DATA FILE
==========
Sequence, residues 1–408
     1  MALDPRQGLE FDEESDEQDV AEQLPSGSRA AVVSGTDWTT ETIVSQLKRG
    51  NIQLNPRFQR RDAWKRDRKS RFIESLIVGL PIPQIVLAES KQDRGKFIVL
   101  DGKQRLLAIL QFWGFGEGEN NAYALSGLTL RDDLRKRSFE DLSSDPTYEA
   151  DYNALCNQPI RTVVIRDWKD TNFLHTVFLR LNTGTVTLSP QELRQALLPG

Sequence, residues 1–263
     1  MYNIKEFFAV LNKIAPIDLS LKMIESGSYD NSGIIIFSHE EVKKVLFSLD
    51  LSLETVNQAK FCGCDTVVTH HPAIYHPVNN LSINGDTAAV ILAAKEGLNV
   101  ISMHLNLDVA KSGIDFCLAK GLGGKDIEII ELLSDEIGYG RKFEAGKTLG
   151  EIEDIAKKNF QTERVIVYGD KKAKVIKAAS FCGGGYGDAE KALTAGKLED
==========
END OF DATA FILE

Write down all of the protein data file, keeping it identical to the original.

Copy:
Sequence, residues 1–408
     1  MALDPRQGLE FDEESDEQDV AEQLPSGSRA AVVSGTDWTT ETIVSQLKRG
    51  NIQLNPRFQR RDAWKRDRKS RFIESLIVGL PIPQIVLAES KQDRGKFIVL
   101  DGKQRLLAIL QFWGFGEGEN NAYALSGLTL RDDLRKRSFE DLSSDPTYEA
   151  DYNALCNQPI RTVVIRDWKD TNFLHTVFLR LNTGTVTLSP QELRQALLPG

Sequence, residues 1–263
     1  MYNIKEFFAV LNKIAPIDLS LKMIESGSYD NSGIIIFSHE EVKKVLFSLD
    51  LSLETVNQAK FCGCDTVVTH HPAIYHPVNN LSINGDTAAV ILAAKEGLNV
   101  ISMHLNLDVA KSGIDFCLAK GLGGKDIEII ELLSDEIGYG RKFEAGKTLG
   151  EIEDIAKKNF QTERVIVYGD KKAKVIKAAS FCGGGYGDAE KALTAGKLED